Cryovolcanism in the Solar System and Beyond: Considerations on Energy Sources, Geological Aspects, and Astrobiological Perspectives

Different types of (cryo-)volcanism on planets and moons - © CC BY 4.0


Volcanism based on melting rocks (silicate volcanism) is long known on Earth and has also been found on Jupiter’s moon Io. Remnants of this type of volcanism have been identified also on other bodies in the solar system. Energy sources powered by accretion and the decay of radioactive isotopes seem to be dominant mainly inside larger bodies, which have enough volume to accumulate and retain this energy in significant amounts. On the other hand, the impact of tidal forces allows even tiny bodies to melt up and pass into the stage of cryovolcanism. The dependence of tidal heating on the size of the object is minor, but the masses of and the distances to accompanying bodies as well as the inner compositions of the heated body are central factors. Even though Io as an example of a body supporting silicate volcanism is striking, the physics of tidal forces might suggest a relatively high probability for cryovolcanism. This chapter aims at considering the parameters known and objects found so far in our solar system to give insights into where in our system and other planetary systems cryovolcanism might be expected.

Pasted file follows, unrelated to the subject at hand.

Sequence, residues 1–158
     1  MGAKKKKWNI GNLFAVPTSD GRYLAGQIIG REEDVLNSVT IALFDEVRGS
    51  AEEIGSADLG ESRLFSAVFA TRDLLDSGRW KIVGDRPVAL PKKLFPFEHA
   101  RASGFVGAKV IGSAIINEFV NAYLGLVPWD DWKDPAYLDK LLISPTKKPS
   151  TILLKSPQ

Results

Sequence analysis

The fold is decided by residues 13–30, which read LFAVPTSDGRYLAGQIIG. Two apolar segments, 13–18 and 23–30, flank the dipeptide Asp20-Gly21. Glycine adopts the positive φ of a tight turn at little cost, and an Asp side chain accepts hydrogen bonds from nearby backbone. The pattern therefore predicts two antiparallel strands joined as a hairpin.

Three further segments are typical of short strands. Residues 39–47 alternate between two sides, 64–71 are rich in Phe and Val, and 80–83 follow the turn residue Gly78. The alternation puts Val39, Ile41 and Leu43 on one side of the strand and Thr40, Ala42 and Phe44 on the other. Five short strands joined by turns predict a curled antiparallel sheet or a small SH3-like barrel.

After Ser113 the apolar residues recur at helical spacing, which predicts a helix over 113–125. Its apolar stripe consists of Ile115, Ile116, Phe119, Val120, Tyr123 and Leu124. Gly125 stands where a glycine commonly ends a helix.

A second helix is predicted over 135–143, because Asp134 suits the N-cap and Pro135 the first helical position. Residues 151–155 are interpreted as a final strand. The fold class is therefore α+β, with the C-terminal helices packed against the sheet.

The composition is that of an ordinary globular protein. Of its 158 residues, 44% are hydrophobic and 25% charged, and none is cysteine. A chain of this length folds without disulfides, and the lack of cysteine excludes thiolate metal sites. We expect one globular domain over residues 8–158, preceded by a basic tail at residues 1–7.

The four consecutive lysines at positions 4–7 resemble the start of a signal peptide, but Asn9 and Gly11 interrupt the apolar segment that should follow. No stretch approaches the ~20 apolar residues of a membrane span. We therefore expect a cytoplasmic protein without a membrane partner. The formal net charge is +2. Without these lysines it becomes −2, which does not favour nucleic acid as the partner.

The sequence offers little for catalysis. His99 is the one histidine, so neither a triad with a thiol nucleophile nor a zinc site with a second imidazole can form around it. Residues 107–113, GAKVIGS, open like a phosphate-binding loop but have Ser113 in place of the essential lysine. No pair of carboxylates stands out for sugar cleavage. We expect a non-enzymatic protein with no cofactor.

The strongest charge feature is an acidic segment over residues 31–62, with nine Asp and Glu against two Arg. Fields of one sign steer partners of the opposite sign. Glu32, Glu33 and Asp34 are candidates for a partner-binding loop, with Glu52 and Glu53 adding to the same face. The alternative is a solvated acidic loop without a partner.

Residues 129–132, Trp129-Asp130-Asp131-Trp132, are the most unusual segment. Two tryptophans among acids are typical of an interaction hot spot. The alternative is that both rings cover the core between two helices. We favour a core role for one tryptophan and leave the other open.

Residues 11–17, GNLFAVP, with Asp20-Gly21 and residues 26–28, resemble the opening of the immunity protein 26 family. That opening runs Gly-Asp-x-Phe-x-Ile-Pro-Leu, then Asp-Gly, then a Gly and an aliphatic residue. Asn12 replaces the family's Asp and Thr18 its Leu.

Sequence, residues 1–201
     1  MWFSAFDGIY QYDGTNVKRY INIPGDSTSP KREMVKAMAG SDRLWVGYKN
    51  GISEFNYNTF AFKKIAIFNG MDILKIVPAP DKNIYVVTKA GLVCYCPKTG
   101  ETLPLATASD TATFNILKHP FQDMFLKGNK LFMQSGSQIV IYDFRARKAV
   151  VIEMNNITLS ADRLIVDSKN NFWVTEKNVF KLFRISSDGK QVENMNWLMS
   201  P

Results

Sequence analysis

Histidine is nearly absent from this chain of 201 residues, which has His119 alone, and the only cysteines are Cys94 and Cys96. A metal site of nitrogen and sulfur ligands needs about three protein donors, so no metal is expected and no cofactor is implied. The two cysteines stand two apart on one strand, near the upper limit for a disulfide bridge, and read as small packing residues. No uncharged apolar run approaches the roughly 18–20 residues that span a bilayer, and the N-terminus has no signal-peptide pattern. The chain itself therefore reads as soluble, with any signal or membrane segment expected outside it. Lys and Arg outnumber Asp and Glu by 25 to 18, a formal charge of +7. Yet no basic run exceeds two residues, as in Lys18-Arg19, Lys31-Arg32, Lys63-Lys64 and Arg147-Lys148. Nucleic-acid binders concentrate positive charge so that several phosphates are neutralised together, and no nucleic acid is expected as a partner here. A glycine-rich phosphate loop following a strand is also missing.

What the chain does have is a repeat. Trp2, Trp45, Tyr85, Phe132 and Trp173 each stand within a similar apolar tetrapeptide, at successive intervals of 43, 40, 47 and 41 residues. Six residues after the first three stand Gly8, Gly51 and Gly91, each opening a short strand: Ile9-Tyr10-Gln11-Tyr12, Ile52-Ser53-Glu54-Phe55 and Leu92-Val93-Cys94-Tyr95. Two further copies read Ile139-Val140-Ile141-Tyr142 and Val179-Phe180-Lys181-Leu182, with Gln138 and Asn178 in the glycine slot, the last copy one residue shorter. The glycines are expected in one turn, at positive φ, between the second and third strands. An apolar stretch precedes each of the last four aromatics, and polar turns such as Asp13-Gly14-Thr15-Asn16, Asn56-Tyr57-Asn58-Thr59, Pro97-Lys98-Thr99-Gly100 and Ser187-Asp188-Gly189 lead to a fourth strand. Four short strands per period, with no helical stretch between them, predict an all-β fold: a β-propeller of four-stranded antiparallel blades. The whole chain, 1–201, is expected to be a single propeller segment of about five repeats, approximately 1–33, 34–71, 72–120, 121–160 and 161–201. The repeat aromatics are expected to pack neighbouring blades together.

Astronomy and Planetary Science - From Cryovolcanism to Black Holes and Galactic Evolution

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Book cover
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Chapter cover page

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Klaus Paschek
Klaus Paschek
Ph.D. candidate - Astrophysics

My research interests include prebiotic synthesis, planetary science, and autocatalysis.